IN RE: GUANTANAMO BAY DETAINEE LITIGATION

Filing 1951

RESPONSE re 1942 Notice (Other), Notice (Other) of Filing of Coordinated Motion: Respondents' Motion to Amend and for Clarification of the Court's January 14, 2010 Order Regarding Public Returns filed with permission by The Associated Press, The New York Times Company and USA Today filed by GUANTANAMO BAY DETAINEE LITIGATION. (Attachments: # 1 Declaration of David A. Schulz)(Bead, Jeanette)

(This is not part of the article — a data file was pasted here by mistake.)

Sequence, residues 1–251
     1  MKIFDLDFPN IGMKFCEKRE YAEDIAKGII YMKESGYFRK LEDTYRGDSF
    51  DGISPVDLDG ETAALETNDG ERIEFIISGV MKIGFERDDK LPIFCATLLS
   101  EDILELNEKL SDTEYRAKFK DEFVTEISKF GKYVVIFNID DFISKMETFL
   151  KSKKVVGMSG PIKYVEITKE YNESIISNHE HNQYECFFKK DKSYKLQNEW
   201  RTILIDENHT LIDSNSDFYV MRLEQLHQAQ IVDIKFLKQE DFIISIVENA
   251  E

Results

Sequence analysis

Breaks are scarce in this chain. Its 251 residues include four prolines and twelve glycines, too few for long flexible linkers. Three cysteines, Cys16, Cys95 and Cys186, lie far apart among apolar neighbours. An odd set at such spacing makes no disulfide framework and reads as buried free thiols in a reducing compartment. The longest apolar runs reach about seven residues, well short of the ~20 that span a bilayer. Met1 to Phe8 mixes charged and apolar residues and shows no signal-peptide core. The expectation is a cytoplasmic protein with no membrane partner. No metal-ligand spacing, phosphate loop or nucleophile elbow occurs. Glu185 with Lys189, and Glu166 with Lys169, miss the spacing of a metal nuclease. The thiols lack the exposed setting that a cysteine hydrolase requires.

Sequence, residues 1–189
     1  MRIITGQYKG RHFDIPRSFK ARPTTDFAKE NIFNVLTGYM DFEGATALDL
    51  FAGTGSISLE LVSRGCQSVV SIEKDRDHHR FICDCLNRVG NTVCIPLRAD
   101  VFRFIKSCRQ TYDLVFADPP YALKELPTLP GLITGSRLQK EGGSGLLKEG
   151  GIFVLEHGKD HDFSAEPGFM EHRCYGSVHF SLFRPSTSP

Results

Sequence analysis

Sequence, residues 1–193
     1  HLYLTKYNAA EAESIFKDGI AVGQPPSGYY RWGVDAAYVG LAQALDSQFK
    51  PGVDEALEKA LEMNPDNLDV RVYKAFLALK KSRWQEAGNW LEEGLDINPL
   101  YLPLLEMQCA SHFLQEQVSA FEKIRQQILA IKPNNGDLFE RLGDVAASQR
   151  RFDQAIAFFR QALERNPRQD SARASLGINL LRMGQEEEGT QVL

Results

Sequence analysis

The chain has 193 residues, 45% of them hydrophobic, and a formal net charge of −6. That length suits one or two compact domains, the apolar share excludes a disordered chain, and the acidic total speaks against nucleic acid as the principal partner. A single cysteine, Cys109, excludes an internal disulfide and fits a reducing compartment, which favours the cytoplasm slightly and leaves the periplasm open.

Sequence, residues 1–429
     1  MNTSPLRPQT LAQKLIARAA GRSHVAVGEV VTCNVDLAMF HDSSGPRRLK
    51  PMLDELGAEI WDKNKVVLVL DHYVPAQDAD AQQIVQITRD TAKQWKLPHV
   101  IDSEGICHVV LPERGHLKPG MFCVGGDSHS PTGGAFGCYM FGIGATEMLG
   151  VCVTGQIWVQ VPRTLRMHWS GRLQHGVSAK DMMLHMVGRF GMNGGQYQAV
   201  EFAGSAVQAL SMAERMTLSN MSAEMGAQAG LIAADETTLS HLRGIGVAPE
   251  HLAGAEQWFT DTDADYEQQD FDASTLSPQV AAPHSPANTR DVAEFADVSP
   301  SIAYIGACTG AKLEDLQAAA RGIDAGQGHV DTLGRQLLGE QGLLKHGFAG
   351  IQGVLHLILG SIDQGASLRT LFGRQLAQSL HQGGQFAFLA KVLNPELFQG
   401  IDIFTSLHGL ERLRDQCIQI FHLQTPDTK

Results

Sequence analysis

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IN THE UNITED STATES DISTRICT COURT FOR THE DISTRICT OF COLUMBIA ) ) ) ) ) ) ) ) IN RE: GUANTANAMO BAY DETAINEE LITIGATION Misc. No. 08-442 (TFH) PRESS INTERVENORS' MEMORANDUM IN OPPOSITION TO GOVERNMENT'S MOTION TO AMEND AND FOR CLARIFICATION Pursuant to permission granted by the Court on April 22, 2010, The Associated Press, The New York Times Company, and USA Today (collectively, "Press Intervenors") respectfully submit this memorandum in opposition to the Government's sealed motion to amend and clarify prior orders requiring the public filing of unclassified Factual Returns. PRELIMINARY STATEMENT The Government's latest motion is an untimely effort to amend three prior orders entered over the past two years, each directing the Government to follow the same procedure to make public unclassified versions of records filed in these habeas proceedings: The Stipulated Protective Order entered on September 11, 2008, pursuant to which the Government was ordered on November 6, 2008 to file public versions of its Factual Returns within 14 days after first filing each Return. The June 1, 2009 Order refusing the Government's request to seal all Factual Returns in their entirety, and enforcing compliance with the judicial review process required by the Protective Order. The January 14, 2010 Order declaring the Government to have violated the June 1, 2009 Order and directing compliance by no later than April 14, 2010. Each of these prior orders effectively protects the public's constitutional right to inspect court pleadings by requiring the Government either (a) to file publicly redacted versions of its Factual Returns with only classified information deleted, or (b) to seek court approval to withhold nonclassified information. It has been 17 months since the Government was first ordered to make public unclassified copies of the Factual Returns in the manner required by the Protective Order. The Government consistently has failed to do so. The Court's most recent order was entered on Press Intervenors' motion for contempt. While the Court ultimately declined to issue a contempt citation, it held that the Government had directly violated a clear order, found the Government's claim of compliance "disingenuous," ordered the Government to comply within 90 days, and reserved judgment on sanctions sought by Press Intervenors. In imposing a 90-day deadline, the Court stressed it was high time for the unclassified information to be disclosed: [T]here are things that people will learn in [the Returns] that are good in the sense that they will understand what some of the problems are that the government faces with some of these individuals. At the same time there will be examples of conduct that is unfortunate, perhaps, on the government's side. But that should all be made public for review in accordance with standards that apply on protecting national security interests. (Mot. for Contempt Hr'g Tr. at 44-45, Jan. 14, 2010.) Instead of complying, the Government has filed yet another motion seeking once again to be relieved of its obligation to obtain judicial approval to withhold unclassified information. And remarkably, this motion was filed completely under seal.1 The Government's proposed order, which was publicly filed, requests that six ill-defined categories of unclassified information be made exempt from public disclosure, but the proposed order includes categories the Court of Appeals already has rejected as improper in two separate 1 After repeated requests from Press Intervenors, on April 28, 2010 counsel for the Government indicated that a declassified version of the Government's motion papers would be prepared and would likely be made available during the first week of May. (See Declaration of David A. Schulz ("Schulz Decl.") 8.) The papers are still sealed and unavailable as of the due date of this opposition. 2 decisions addressing unclassified information about Guantanamo detainees. Without even being able to read the Government's arguments, its proposal is self-evidently contrary to law. Based upon the public record and published authority, aspects of the Government's request to amend this Court's order are legally indefensible. The Government seeks relief it knows to be improper and its motion serves only to extract further delay. The motion should be rejected and the sanctions reserved by the Court on January 14 should be entered at this time. BACKGROUND Through these habeas proceedings petitioners challenge the legality of their indefinite detention at the U.S. Naval Base at Guantanamo Bay, Cuba as enemy combatants. As this Court has underscored, the Factual Returns at issue are: fundamental to these proceedings. . . . [They] detail what the detainees are accused of doing and who they are accused of being. They are the basis on which the government justifies each petitioners' detention, [and] . . . [t]he public's understanding of the proceedings . . . is incomplete without [them]. (Mem. Op. at 15, June 1, 2009.) Nonetheless, the Government consistently has resisted any judicial oversight of its decisions about what unclassified information in the Factual Returns will be available to the public. A. The Court's Initial Order Directing the Government to File Public Redacted Versions of The Returns Under procedures spelled out in the Protective Order governing these proceedings, when filing papers with the Court the Government may withhold all classified information and may initially designate unclassified information as "protected." Protected information is maintained under seal by the Court and not disclosed to anyone other than petitioners' counsel. (See Am. Protective Order 35, Jan. 9, 2009.) If the parties do not subsequently agree upon what 3 designated material may properly remain sealed in the public file, the Protective Order requires the Court to make that determination. (See id. 10, 34.) This procedure has been in place, pursuant to an order of this Court, since September 11, 2008. (See Protective Order 34, Sept. 11, 2008.) Enforcing the terms of the Protective Order, in November 2008 the Government was ordered to file an unclassified version of each factual return appropriate for public disclosure, within 14 days after its initial filing. (See Case Management Order at 2, Nov. 6, 2008.) The Government resisted. When it began to file its unclassified returns, the Government designated all of them "protected," in their entirety. B. The Court's Rejection of the Government's Motion to Seal the Factual Returns Completely Because petitioners objected to blanket sealing, the Government filed a motion in December 2008 seeking to confirm the "protected" status of all of the unclassified Factual Returns. (See Resp't's Mot. to Confirm Designation of Unclassified Factual Returns as "Protected" (the "Government's Sealing Motion") (Dkt. No. 1416), Dec. 29, 2008.) The Government argued that complete sealing was necessary because "properly classified material ha[d] not been fully redacted" from the unclassified Returns, and the "collection and analysis" of any remaining classified material "could yield usable intelligence harmful to the interests of the United States." (Govt's Sealing Mot. at 3-4.) As a remedy, the Government asked to keep the Returns under seal indefinitely. Press Intervenors promptly sought to be heard in opposition to the indefinite blanket sealing of unclassified material. They asserted both a First Amendment and a common law right to inspect the Factual Returns, and urged that the Government had not met its burden to (a) establish a compelling need to withhold specific information from the public, and (b) 4 demonstrate that the sealing requested was both narrowly tailored and effective. (See Press Intervenors Mem. in Opp'n to Gov't Mot. to Confirm Designation of Unclassified Factual Returns as "Protected" (Dkt. No. 1526-2) at 2, Jan. 14, 2009.) The Court agreed that the public has a qualified constitutional and common law right to inspect the Factual Returns, and rejected the blanket sealing sought by the Government. (See Mem. Op. at 11, June 1, 2009.) Relying on two decisions of the Court of Appeals rejecting the Government's identical claim of unilateral authority to seal unclassified information in its court filings, Parhat v. Gates, 532 F.3d 834 (D.C. Cir. 2008), and Bismullah v. Gates, 501 F.3d 178 (D.C. Cir. 2007), this Court held that the Government had once again "failed to provide a court with a sufficient `basis for withholding' the unclassified information in these cases." (Mem. Op. at 7 (quoting Parhat, 532 F.3d at 852-53).) The Court found that "[p]rohibiting public access to every document in every factual return" was neither essential to protect national security nor narrowly tailored to achieve that end. (Mem. Op. at 17.) The Court granted the Government until July 29, 2009 to comply with the Protective Order. (Id. at 8-10.) C. The Court's Finding of a Violation of the June 1 Order and its Second Order to Comply The Government did publicly file redacted Factual Returns by the Court's deadline, but secretly failed to abide the Court's orders. The Government continued to withhold unclassified information without notifying the Court or counsel that it had done so, and without seeking judicial review or approval. On September 24, 2009, Judge John D. Bates entered an Order in one of the habeas proceedings, publicly revealing for the first time that the Government in that case had withheld unclassified information in violation of the June 1 Order. (See Order at 3 in Al-Ghizzawi v. Obama, Civ. A. No. 05-2378 (D.D.C.), Sept. 24, 2009.) Immediately upon learning of Judge Bates' Order, Press Intervenors asked the Government's attorneys if 5 unclassified information had similarly been redacted from any other Factual Returns. The Government responded that this was done in every case, but declined to amend its filings, even after Judge Bates' ruling, insisting it had complied with the June 1 Order. Press Intervenors then filed a motion for contempt, seeking to enforce the June 1 Order. In deciding that motion, the Court rejected the Government's claim to have complied with the earlier orders as "disingenuous," and "fly[ing] in the face of the history of why we went through this whole protective order process." (Hr'g Tr. at 46-7, Jan. 14, 2010.) The Court held that the Government had directly violated a "clear and reasonably specific" order. (Id. at 45.) But despite its "displeasure with the Government," the Court declined to issue a contempt citation. Instead, the Court made clear its expectation that a finding of contempt would not be "necessary to achieve compliance with my orders," and noted, "if something else happens I expect that the ruling could be different." (Id. at 52.) In opposing contempt, the Government suggested that it be allowed automatically to withhold "six new categories" of unclassified information. (Id. at 51). The Court expressed frustration that this approach had never before been raised, and refused to consider the proposal in the context of a motion where the petitioners were not parties. The Court suggested that the Government might attempt to work out a procedure with the parties, but left no doubt that the June 1 Order "still stands" (id. at 54), and directed the Government to bring itself into full compliance by no later than April 14, 2010 (id. at 55). Finally, the Court reserved judgment on the Press Intervenors' application for an award of their costs and attorneys fees as a sanction for being forced to file a motion to obtain compliance with a clear order. The Court cautioned the Government that it was "very close" to contempt and a sanction could follow if the failure to follow orders continued: 6 Since I denied the contempt motion finding, although granted the motion in other respects, I am not going to grant a sanction at this time, but I'm reserving as to proper sanctions, as I said, in the future should this recur and the government has failed to comply with the Court's order. (Id. at 58.) D. The Government's Continuing Failure to Comply The Government has once again failed to comply. It did not make any serious effort to negotiate a limited categorical approach over the past 90 days (see Schulz Decl. 5), nor apparently did it file any of the completed Returns it has been "reprocessing" since last fall. Instead, on its final due date, the Government filed another motion seeking further delay and proposing to change the rules the Court had ordered on three separate occasions. To make matters worse, the Government acted to prevent meaningful response from Press Intervenors by seeking to litigate its latest motion on a sealed record and relying on sealed authority. On the public record, the Government's motion is plainly improper. It should be denied, and the Court should reconsider Press Intervenors' request for a sanction of the costs and fees, as will now be demonstrated. ARGUMENT I. THE GOVERNMENT IMPROPERLY ATTEMPTED TO MODIFY THE ORDERS FOR SECRET REASONS RELYING UPON SEALED PRECEDENT The Government impermissibly filed both its motion to amend and its supporting memorandum completely under seal, then compounded the offense by purporting to rely upon a sealed opinion of the Court of Appeals. (See Notice of Filing of Coordinated Motion, Apr. 14, 2010.) As a threshold matter, the Government's action is procedurally improper. To the extent the Government withheld from its public filings unclassified information and legal argument, it 7 violated both the Protective Order in this case--which requires petitioners' consent to maintain unclassified material under seal--and the public's affirmative right of access to judicial records. (See Mem. Op. at 16, June 1, 2009 (public has a First Amendment right of access to judicial records that can only be sealed on judicial findings of fact).) Fundamental fairness requires that the Government should not be allowed to litigate on sealed papers without any judicial determination that sealing is necessary. A. The Government Should Not Be Permitted to Seek Relief on Unilaterally Sealed Records Shortly before it was to file the redacted Returns, counsel for the Government contacted counsel for Press Intervenors to say they instead intended to move to withhold information categorically, and to get more time to do so. (Schulz Decl. 2.) Press Intervenors advised the Government that they did not seek to create unnecessary make-work, and would not have objected, in principle, to a categorical approach that was limited to carefully defined categories of facts that could properly be withheld on a categorical basis. They strenuously objected, however, to some of the specific categories being proposed by the Government and to further delay. (See id. 3-4.) The objectionable categories were vaguely worded, left broad discretion about the types of information included, and encompassed information that necessarily required a case by case assessment to know if sealing was proper. Counsel for the Government responded that the review process was far along and counsel would not voluntarily agree to revise or limit the proposed new categories in any respect. (See id.) On the eve of filing its motion, counsel for the Government called again to advise counsel for Press Intervenors that the Government "might" file its motion as a "classified motion." (See id. 7.) Counsel for Press Intervenors objected once more, noting the fundamental unfairness of such a procedure. Counsel observed that none of the matters discussed during the "meet and 8 confer" call was classified, and pointed out the Government's constitutional obligation to make public the unclassified sections of its motion papers. (See id.) The Government nevertheless proceeded to file its motion and supporting memorandum entirely under seal. The Government should not be permitted to litigate in this manner. Even where sealing of a judicial document is justified by a compelling need for secrecy, it is fundamental that a court must authorize the sealing, and the sealing must be no broader than necessary to protect the threatened interest. See, e.g., Press-Enterprise v. Superior Court (Press-Enterprise II), 478 U.S. 1, 13-14 (1986); In re Application of New York Times Co. for Access to Certain Sealed Court Records, 585 F. Supp. 2d 83, 91 (D.D.C. 2008). If a more narrowly tailored means of protecting the interest exists, such as making documents available in redacted form, it must be employed to limit the impact on the public's rights of access to judicial records. See Press-Enterprise Co. v. Superior Court (Press-Enterprise I), 464 U.S. 501, 510 (1984); In re Application of New York Times Co., 585 F. Supp. 2d at 91 (compelling interest in protecting identity of confidential informants did not warrant sealing of warrant materials altogether; "that interest can be accomplished by simply redacting the identity and personal identifiers of the informants").2 At a minimum, the Government could not properly file under seal unclassified material that cannot fairly be considered "protected" within the meaning of the Protective Order. The Government's arguments about the relevance to its motion of the publicly-filed court decisions See also United States v. Jordan, 544 F.3d 656, 665 (6th Cir. 2008) (noting that government motion containing grand jury material could have been redacted to protect secrecy of grand jury proceedings and stating that "the level of secrecy exercised here by both the government and the district court was unjustified"); United States v. Moussaoui, 65 Fed. Appx. 881, 891 (4th Cir. 2003) ("Unquestionably, our decision to partially seal argument infringes, albeit for good reasons, upon the rights of the press and the public. We believe, however, that this harm can be substantially ameliorated by the release of a redacted transcript of the sealed hearing as soon as is practicable after the conclusion of argument."); Methodist Hospitals, Inc. v. Sullivan, 91 F.3d 1026, 1032 (7th Cir. 1996) ("To say that particular information is confidential is not to say that the entire document containing that information is confidential.) (emphasis in original); id. (stating that district court should have granted motion to seal and ordered movant to redact confidential material and file remainder in the public record). 2 9 attached as exhibits to its notice of filing cannot reasonably be considered sensitive to national security or law enforcement operations, nor can the Government argue that its justifications for the six proposed categories require wholesale sealing after having discussed those categories openly with Press Intervenors' counsel before filing the motion. The Government equally has no excuse for sealing the entirety of its arguments supporting the request for yet another extension of time to comply with the June 1, 2009 Order. The Government's obvious effort to prevent meaningful public scrutiny of its actions in this case--and its continual foot-dragging in providing public, unclassified Returns--should not be countenanced. B. The Government Should Not Be Permitted To Rely On Authority Sealed at Its Request The Government not only acted improperly in filing its motion papers under seal, it also unfairly seeks to rely on a sealed decision of the United States Court of Appeals for the D.C. Circuit, a decision apparently sealed at the Government's own request. Although not identified in the public record of the Government's latest motion, Press Intervenors infer that the sealed decision invoked by the Government is the January 8, 2010 decision in Ameziane v. Obama, No. 09-5236 (D.C. Cir. 2008), a decision the Government previously presented in opposing contempt. (See Notice of Filing Under Seal at 1, Jan. 12, 2010) (describing the Ameziane decision as "relevant to issues presented by the Press Intervenors' motion").) The public record indicates that nothing in the Ameziane decision itself is classified, but rather reveals that the opinion was sealed at the Government's request. (See id. (explaining that the decision is under seal "owing to the protected information identified in the body of the court's opinion") (emphasis added).) If this is so, it lies completely within the Government's power to have the seal lifted, or at a minimum to permit the nature of the holding and its legal rationale to be disclosed so that Press 10 Intervenors have a fair opportunity to respond. The Government should not be permitted to rely upon secret authority addressing undisclosed issues as grounds for withholding unclassified information from the public. See Krynicki v. Lopacich, 983 F.2d 74, 75 (7th Cir. 1992) ("Any step that withdraws an element of the judicial process from public view makes the ensuing decision look more like fiat; this requires rigorous justification."). II. THE PROPOSED CATEGORIES OF INFORMATION TO BE SEALED ARE VAGUE, OVERBROAD AND CONTRARY TO CONTROLLING AUTHORITY The only thing the Government has placed on the public record thus far about the substance of relief it now seeks is the proposed order. That order identifies six categories of information the Government seeks permission to withhold without any further judicial approval. While Press Intervenors remain in the dark as to the grounds being advanced by the Government to support such a dramatic change in procedures at this late date, the public record reveals the Government's proposed relief to be overbroad and improper. A. Any Delegation of Authority to Seal "Categories" of Information Must Satisfy Strict Constitutional Standards Press Intervenors acknowledged during argument on January 14 that there may exist some categories of clearly defined, non-newsworthy information that could properly be withheld without the need for specific judicial permission in each case. (See Hr'g Tr. at 38-42, Jan. 14, 2009.) But any such category must meet the constitutional standard for sealing court records. To properly seal any portion of a court record the Government is required to demonstrate four things: 1. The existence of a substantial probability of prejudice to a compelling interest. One seeking to seal court records must demonstrate a substantial probability that public access is likely to harm a compelling 11 governmental interest. See, e.g., Richmond Newspapers, Inc. v. Virginia, 448 U.S. at 581; Press-Enterprise I, 464 U.S. at 510; Press-Enterprise II, 478 U.S. at 13-14; ABC v. Stewart, 360 F.3d 90, 100 (2d Cir. 2004); United States v. Doe, 63 F.3d 121, 128 (2d Cir. 1995). In Press-Enterprise I, the Supreme Court stressed that a denial of access is permissible only when "essential to preserve higher values." 464 U.S. at 510. A compelling interest is required because "[a]ny step that withdraws an element of the judicial process from public view makes the ensuing decision look more like fiat." Union Oil Co. of Cal. v. Leavell, 220 F.3d 562, 568 (7th Cir. 2000). 2. The absence of any alternatives to sealing that will adequately protect the threatened interest. One seeking to seal records must further demonstrate that no alternative to secrecy can adequately protect the threatened interest. As the Second Circuit explained in In re Application of The Herald Company, 734 F.2d 93, 100 (2d Cir. 1984), a "trial judge must consider alternatives and reach a reasoned conclusion that closure is a preferable course to follow to safeguard the interests at issue." See also, e.g., Press-Enterprise II, 478 U.S. at 13-14; United States v. Brooklier, 685 F.2d 1162, 1167 (9th Cir. 1982). 3. The proposed restriction on access is narrowly tailored, to limit secrecy in time and scope. Any sealing imposed must be no broader than necessary to protect the threatened interest. See, e.g., Press-Enterprise II, 478 U.S. at 13-14; Johnson v. Greater Se. Cmty. Hosp. Corp., 951 F.2d 1268, 1278 (D.C. Cir. 1991); In re Application of New York Times Co., 585 F. Supp. 2d at 91. If a more narrowly tailored means of protecting the interest exists, such as making documents available in redacted form, it must be employed to limit the impact on the public's access rights. See Press-Enterprise I, 464 U.S. at 510. 4. The restriction on access will meaningfully protect the threatened interest. Because constitutional rights may not be infringed for an idle purpose, any order limiting access must be effective in protecting the threatened interest for which closure is imposed. See Press-Enterprise II, 478 U.S. at 14 (party seeking secrecy must demonstrate "that closure would prevent" harm sought to be avoided); Associated Press v. U.S. Dist. Court, 705 F.2d 1143, 1146 (9th Cir. 1983) ("[T]here must be `a substantial probability that closure will be effective in protecting against the perceived harm.'") (citation omitted).3 Furthermore, the ultimate determination of whether these criteria have been satisfied must be made by the court, not by the parties litigating a case, who have great incentives to favor 3 Similar showings must be made before the common law access right may be vitiated. See In re Application of New York Times Co., 585 F. Supp. 2d at 92. The D.C. Circuit has articulated six factors to consider in assessing a limitation of the common law right of access to judicial records that are closely aligned with the constitutional concerns. See Johnson, 951 F.2d at 1277 n.14. 12 secrecy. See, e.g., Parhat v. Gates, 532 F.3d at 836. Any delegation of the right to seal court records to a litigant must be carefully limited to prevent abuse and to ensure the constitutional standards are met. Particularly given the intense public interest in these habeas proceedings, any approval of categorical redactions should strictly be limited to circumstances where each of the following criteria is satisfied: 1. The category must be carefully defined, and encompass only specific pieces of information that can precisely and accurately be identified without the need to exercise discretion; 2. The category must be limited to information that uniformly raises a significant threat to privacy, law enforcement or national security that cannot adequately be addressed through other means; 3. The category must be limited to information having no legitimate public interest or concern that otherwise requires a case by case assessment; and 4. The category must be defined in the most narrow terms that will effectively protect the threatened interest. Press Intervenors respectfully submit that any category not meeting these conditions cannot satisfy the constitutional standard governing public access and cannot properly be withheld unilaterally by the Government without court review and approval. B. Two Proposed Categories to be Sealed Are Improper Under Directly Controlling Authority Judged by the controlling legal standards, the Government's proposed order is plainly improper. Two of its categories are vastly overbroad and ill-defined, and would encompass material the public has a right to know. Category B is one such improper category. It essentially seeks sweeping permission for the Government to withhold any unclassified information relating 13 to "law enforcement or intelligence operations." As proposed, Category B would authorize the Government to withhold all: [i]nformation that would reveal the existence, focus, or scope of law enforcement or intelligence operations, including the sources, witnesses, or methods used and the identity of persons of interest. This category is so vague and open-ended that it would provide the Government with justification to withhold almost any information likely to be found in a Factual Return--certainly every detainee must have been connected to a "law enforcement or intelligence operation." The Court of Appeals already has rejected efforts by the Government to withhold just such broad and unambiguous categories of information about the Guantanamo detainees in no uncertain terms. Twice. In Bismullah v. Gates, the Court of Appeals held that the Government may not unilaterally withhold information simply because it considers the information sensitive to national security or law enforcement. 501 F.3d at 188. The Court of Appeals left no doubt that the Government must provide a judge with a specific basis--in context--for withholding such unclassified information from public view. Again, in Parhat v. Gates, the Court of Appeals rejected the Government's renewed request to withhold categorically information it considered "law enforcement sensitive." As the Parhat court stressed: Although we do not doubt that there is information in these categories that warrants protection, the government has proffered only a generic explanation of the need for protection, providing no rationale specific to the information actually at issue in this case. . . . Without an explanation geared to the information at issue in this case, we are left with no way to determine whether that specific information warrants protection other than to accept the government's own designation. But as we held in Bismullah, "[i]t is the court, not the Government, that has discretion to seal a judicial record. . . ." 532 F.3d at 836. The Government's proposed Category B improperly seeks once again the very delegation of authority twice rejected by the Court of Appeals. 14 Proposed Category E is equally improper. It seeks permission to withhold any information about "certain interrogation techniques approved by Executive Order 13491 and described in The Army Field Manual No. 2-22.3." How the detainees have been treated, whether the Government complied with international treaties, and the extent to which it may be relying in some habeas proceedings on evidence allegedly obtained through torture are all topics of significant public debate and concern. There can be no proper basis to withhold all information concerning "interrogation techniques" as the Government seeks to do, particularly where the Government already has publicly acknowledged the use of harsh interrogation techniques. See, e.g., In re The Herald Co., 734 F.2d at 101 (closure order cannot stand if "the information sought to be kept confidential has already been given sufficient public exposure"). Once again, the proposed category is overbroad and ill-defined, plainly encompassing information that cannot properly be withheld across the board. While Press Intervenors know nothing of the arguments advanced by the Government in support of its delinquent motion to proceed categorically, it is impossible to understand how it could possibly have made the requisite showings to justify these two categories. In both Parhat and Bismullah the Court of Appeals rejected an approach that "relies solely on spare, generic assertions of the need to protect information" and that did not provide information specific to a particular factual return. Parhat, 532 F.3d at 852-853; Bismullah, 501 F.3d at 188. The Government's continuing effort to withhold unilaterally any information it does not want made public about "law enforcement or intelligence operations," and about "interrogation techniques," remains improper and should be rejected. 15 C. The Remaining Categories Require Modification to Satisfy the Constitutional Standards Some of the other categories proposed by the Government are less problematic. Categories A, C, D and F, with some revision, could be made consistent with the constitutional standard, but no change in procedure should be allowed if it will provide an excuse for any further delay. With the modifications noted below, if the adoption of these categories would accelerate the release of unclassified Factual Returns, Press Intervenors would not object to a revision of the June 1 Order to this limited extent. Category A: This category would permit the withholding of names and personal identifying information of U.S. Government employees and agents below the Senior Executive Service or General Officer level, and the names of family members of detainees. The information to be withheld is precisely defined and limited in scope. Press Intervenors do not object to this category as proposed. Category C: This category would permit the withholding of information identifying locations of interest to "counter-terrorism intelligence gathering, law enforcement, or military operations," but only in those cases where "the government has not previously acknowledged publically" its interest in the location. Again, the category is precisely defined to avoid the need for discretion, and Press Intervenors do not object to this category as proposed so long as it is limited to information not previously acknowledged. Category D: This category would allow the Government to withhold its "knowledge of" telephone numbers, websites, passwords and the like "used by known or suspected" terrorists along with "discussions of the manner in which known or suspected terrorists use these methods for communications." Press Intervenors have no interest in 16 obtaining disclosure of the specific telephone numbers, websites, passwords, etc. of identified individuals, but object to the extent this category would afford the Government discretion to withhold information about the types of communications surveillance undertaken by the Government, even where the Government has already publicly acknowledged its surveillance activities, such as its admitted program to monitor certain international telephone calls and email messages of U.S. citizens. No purpose would be served by such redactions; disclosure would create no new risk to national security or law enforcement operations. Category F: Press Intervenors do not object to the withholding of administrative data, operational "nicknames," code words, or FBI case names and file numbers as delineated, in part, by Category F. Press Intervenors do object to a blanket authorization for the Government to withhold the "dates of acquisition" of such information, "including dates of interrogations," as proposed in Category F. Disclosure of such information could well shed light on the actions on Government and therefore proposed redactions require review, in context, on a case by case basis. III. GIVEN THE GOVERNMENT'S CONTINUING REFUSAL TO ABIDE COURT ORDERS AND CONTINUING PATTERN OF DELAY, THE COURT SHOULD ENTER SANCTIONS AT THIS TIME The current motion reflects a continuing pattern of conduct by the Government that has delayed disclosure of unclassified material in the court's records for months and years. Even after being lectured about its misconduct and warned against further delays, the Government has not filed any properly redacted Returns during the last 90 days. It also waited until the last day of its final deadline to propose changes to the review of the Returns that was supposedly ongoing 17 all along. The Government's foot dragging, non-compliance and evasions should not be countenanced. Since 2007 the Government repeatedly has been told by the courts that the very categories of information it now seeks to withhold without review are improper and unacceptable. Since November 2008, it has been told repeatedly by this Court to prepare and file unclassified Factual Returns. Its renewed effort to re-litigate these issues, and its request for still more time are wholly inappropriate and warrant entry of the sanctions the Court reserved at the January 14 hearing. In their earlier contempt motion, Press Intervenors asked the Court to (1) require the Government affirmatively to represent that it is not similarly withholding unclassified information from its other court filings, beyond the Factual Returns, without affirmatively obtaining petitioner's consent or filing a motion to seal, as required by the Protective Order, and (2) pay the reasonable attorneys' fees and costs Press Intervenors were required to incur to enforce the Court's clear orders. (See Mot. by Press Intervenors for an Order to Show Cause Why the Gov't Should Not Be Held in Contempt (Dkt. 1868) at 12-13, Oct. 6, 2009.) In reserving decision on these sanctions in January, the Court made plain to the Government that it was "very close" to contempt and "if something else happens . . . the ruling could be different." (Hr'g Tr. at 52, Jan. 14, 2010.) The continuing failure of the Government to carry out the Court's orders, its manipulations to secure repeated delays, and its continual failure to make public information vital to the public's understanding of these proceedings, fully warrant the imposition of sanctions at this time. 18 CONCLUSION For each and all the foregoing reasons, the Court should deny Categories B and E of the Government's motion to amend its prior orders, modify the other proposed categories as proposed by Press Intervenors, compel complete compliance with the amended order in no more than 30 days, and enter the sanctions previously requested by Press Intervenors as were reserved by the Court on January 14, 2010, together with such other and further relief as the Court deems just and necessary. Dated: May 3, 2010 Respectfully submitted, LEVINE SULLIVAN KOCH & SCHULZ, L.L.P. By: /s/ Jeanette M. Bead David A. Schulz, DC Bar No. 459197 Jeanette M. Bead, DC Bar No. 480539 1050 Seventeenth Street, NW, Suite 800 Washington, DC 20036-5514 Phone (202) 508-1100 Fax (202) 861-9888 Counsel for Press Intervenors Of Counsel: David H. Tomlin Associated Press 450 West 33rd Street New York, NY 10001 David E. McCraw The New York Times Company 620 Eighth Avenue New York, NY 10018 Barbara L. Wall Gannett Co., Inc. 7950 Jones Branch Drive McLean, Virginia 22101 19